Meagan Jacobs
Justine Wellman


Gallery Alchmey seeks to represent work across painting, drawing, photography,sculpture and mixed media. With a focus on contemporary and emergingartists with the gallery featuring work with a modern, figurative sensibility that is emotionally rich and poignant, and also conveying wit and humour.

Gallery Alchemy represents emerging and established artists that demonstratea sensitivity to the conundrums of modern life. With the galleries owninfluences stretching from Artemisia & Caravaggio to Van Gogh, to YellowHouse to Duchamp, Dada, Brett Whitely and Charlie Sheard.

Featured artists often reflect a sensibility for light, colour, purity of craft and ahint of neuroses and angst of modern life that ultimately gives way to beauty. “Idon’t believe in Art, I believe in the Artist”
– Marcel Duchamp


“Meagan Jacobs is a rarity. Rare in the subtlety of her colour and rare in her soulful and concrete commitment to landscape. Composed of strong interlocking forms, her work is meditative, both tightly knit and unpredictably expansive. “It’s strange” she admits “to fit the whole of the desert into the small square of a painting. Looking out into this amazing vista, how do you compress it? I guess my discipline is to distil. What is physically available becomes a template for the infinite.
The influence of mountains and boulders lends a replete quality to her paintings. Each piece locks boldly into place. The sharp contrasts of colour work like tectonic plates, thrusting landforms from their ancient roosts, presenting an earth that is volatile and alive. Wedding bare expanses of colour to pockets of intricate pattern, the impact is tactile. While most of the paintings are not massive in scale they are immersive. A potent yield of so many years in wild places”.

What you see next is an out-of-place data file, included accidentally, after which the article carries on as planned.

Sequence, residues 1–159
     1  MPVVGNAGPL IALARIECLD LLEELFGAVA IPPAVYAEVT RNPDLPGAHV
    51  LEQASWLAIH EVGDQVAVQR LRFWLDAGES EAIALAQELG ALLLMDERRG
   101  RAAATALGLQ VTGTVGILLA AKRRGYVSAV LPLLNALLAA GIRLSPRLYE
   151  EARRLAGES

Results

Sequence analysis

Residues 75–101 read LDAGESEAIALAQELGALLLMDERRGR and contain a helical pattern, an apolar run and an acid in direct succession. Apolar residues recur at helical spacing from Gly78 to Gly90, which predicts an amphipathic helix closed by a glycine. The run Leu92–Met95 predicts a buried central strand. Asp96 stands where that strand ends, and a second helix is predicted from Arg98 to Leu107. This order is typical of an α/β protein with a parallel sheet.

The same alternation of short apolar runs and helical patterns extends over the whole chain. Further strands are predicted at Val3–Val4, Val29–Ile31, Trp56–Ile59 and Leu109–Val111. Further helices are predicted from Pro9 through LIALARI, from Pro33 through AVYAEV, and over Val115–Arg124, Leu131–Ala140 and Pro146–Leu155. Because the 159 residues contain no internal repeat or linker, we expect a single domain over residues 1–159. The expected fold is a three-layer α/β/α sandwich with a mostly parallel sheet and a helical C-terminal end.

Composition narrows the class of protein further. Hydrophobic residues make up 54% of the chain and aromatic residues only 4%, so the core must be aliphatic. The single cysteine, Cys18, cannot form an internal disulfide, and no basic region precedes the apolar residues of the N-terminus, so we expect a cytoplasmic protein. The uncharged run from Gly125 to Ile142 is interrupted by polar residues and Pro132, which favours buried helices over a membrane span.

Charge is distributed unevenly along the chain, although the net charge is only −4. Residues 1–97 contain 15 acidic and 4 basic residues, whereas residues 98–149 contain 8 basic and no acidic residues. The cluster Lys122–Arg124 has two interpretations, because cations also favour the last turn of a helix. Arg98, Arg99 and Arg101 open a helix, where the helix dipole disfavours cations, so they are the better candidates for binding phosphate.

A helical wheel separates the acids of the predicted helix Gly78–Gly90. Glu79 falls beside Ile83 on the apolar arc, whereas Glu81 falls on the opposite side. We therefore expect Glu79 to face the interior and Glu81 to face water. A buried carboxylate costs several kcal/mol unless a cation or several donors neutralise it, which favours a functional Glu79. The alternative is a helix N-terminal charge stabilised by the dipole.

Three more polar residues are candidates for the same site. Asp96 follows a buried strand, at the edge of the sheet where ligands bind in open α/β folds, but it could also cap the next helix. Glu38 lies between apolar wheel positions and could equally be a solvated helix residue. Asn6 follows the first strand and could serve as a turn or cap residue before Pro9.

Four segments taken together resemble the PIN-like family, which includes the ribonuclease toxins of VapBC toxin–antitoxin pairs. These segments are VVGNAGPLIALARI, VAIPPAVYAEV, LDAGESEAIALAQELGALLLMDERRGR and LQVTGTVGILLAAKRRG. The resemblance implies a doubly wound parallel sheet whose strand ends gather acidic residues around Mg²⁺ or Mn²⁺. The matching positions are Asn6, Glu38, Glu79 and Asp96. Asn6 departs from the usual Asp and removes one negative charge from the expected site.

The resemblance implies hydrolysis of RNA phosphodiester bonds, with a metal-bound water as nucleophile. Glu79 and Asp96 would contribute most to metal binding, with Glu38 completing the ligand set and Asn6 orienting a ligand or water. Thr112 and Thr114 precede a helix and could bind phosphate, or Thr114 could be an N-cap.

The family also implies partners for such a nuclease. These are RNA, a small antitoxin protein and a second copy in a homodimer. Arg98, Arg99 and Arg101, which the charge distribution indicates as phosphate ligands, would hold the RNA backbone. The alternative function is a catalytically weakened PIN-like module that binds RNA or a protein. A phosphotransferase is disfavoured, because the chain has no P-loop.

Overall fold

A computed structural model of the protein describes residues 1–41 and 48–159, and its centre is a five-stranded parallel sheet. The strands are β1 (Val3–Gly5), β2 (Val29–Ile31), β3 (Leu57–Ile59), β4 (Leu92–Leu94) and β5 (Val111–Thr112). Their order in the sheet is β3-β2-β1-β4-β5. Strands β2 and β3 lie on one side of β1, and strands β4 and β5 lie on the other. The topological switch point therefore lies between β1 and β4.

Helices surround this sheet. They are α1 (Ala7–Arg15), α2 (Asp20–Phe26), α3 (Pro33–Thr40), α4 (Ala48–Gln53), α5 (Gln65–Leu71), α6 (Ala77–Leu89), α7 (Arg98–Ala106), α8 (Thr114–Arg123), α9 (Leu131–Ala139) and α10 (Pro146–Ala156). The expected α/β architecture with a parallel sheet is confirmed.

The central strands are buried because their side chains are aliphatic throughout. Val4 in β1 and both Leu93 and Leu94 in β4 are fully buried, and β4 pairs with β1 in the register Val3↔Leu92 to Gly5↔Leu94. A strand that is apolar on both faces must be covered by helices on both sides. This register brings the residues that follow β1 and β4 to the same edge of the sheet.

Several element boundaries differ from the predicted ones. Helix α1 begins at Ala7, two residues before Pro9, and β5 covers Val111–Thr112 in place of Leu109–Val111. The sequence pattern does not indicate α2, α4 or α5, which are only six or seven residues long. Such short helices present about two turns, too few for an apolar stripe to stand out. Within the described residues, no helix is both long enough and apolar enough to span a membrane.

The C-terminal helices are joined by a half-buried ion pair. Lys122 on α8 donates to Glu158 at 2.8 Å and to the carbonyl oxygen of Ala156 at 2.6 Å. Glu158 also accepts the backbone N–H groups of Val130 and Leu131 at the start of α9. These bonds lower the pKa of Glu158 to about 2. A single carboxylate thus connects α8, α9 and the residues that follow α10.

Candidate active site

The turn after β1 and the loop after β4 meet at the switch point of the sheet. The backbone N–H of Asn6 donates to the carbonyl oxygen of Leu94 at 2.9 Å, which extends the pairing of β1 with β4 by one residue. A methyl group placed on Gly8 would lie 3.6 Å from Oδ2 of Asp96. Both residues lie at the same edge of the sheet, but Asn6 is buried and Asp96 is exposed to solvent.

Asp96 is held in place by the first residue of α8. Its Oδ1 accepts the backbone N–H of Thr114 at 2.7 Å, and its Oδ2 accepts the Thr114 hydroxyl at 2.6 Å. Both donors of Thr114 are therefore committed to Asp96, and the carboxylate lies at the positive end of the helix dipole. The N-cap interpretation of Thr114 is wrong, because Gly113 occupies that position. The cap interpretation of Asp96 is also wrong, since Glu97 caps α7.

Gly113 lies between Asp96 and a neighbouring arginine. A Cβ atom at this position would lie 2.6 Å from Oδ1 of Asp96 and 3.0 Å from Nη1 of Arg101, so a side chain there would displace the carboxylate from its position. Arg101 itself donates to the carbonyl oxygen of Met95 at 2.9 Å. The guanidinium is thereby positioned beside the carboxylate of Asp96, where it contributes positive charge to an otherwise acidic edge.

Anna Johnson When Meagan isn’t out in the desert you will find her painting in the attic studio, one of Miltons oldest buildings.


I live on Yuin Country, Milton on the NSW South Coast.
I studied Visual Arts at Newcastle University and NSW TAFE Colleges in West Wollongong & Bomaderry.
In only what I can describe as a whim, I changed focus from art, and went on to study horticulture.
In the horticultural area I stayed for nearly 2 decades, working various fields, culminating in owning a retail nursery and landscape business. I’m captivated my creativity with flora and making gardens. I love plants, I can spend infinite time twirling a flower in my fingers, looking at its construction and form, the way the glistening shades of colour fade through a petal. I could talk about the shapes of leaves juxtaposed against other leaves in contrast for hours, or the sinewy bark of a gum tree, or rattle off a few botanical names even though no one asked me. The perfect state
of a flower in comparison to a fading, chewn or misshapen bloom holds the same wonder.
It wasn’t until my youngest of 5 children started school, did the need for creating art start growing again.
There is something primal about clay, it is from the earth, plants grow in it, humans have dug clay and sculpted it for eons.
Through my art practice and process, I’m continually observing and engaged with the natural world, evoking a visual connection to a subject, whether it be a flower, a feeling or a memory.
Some of my ceramic vessel sculptures also have adjoined woven components. I collect the grass myself, processing it into rope that I then hand stitch to a ceramic piece. The clay and the grass grow together.
The combination of the two mediums complement each other, I like finding connection through colour or shape. Two mediums that never really live alone, relying on each other for structure and completeness.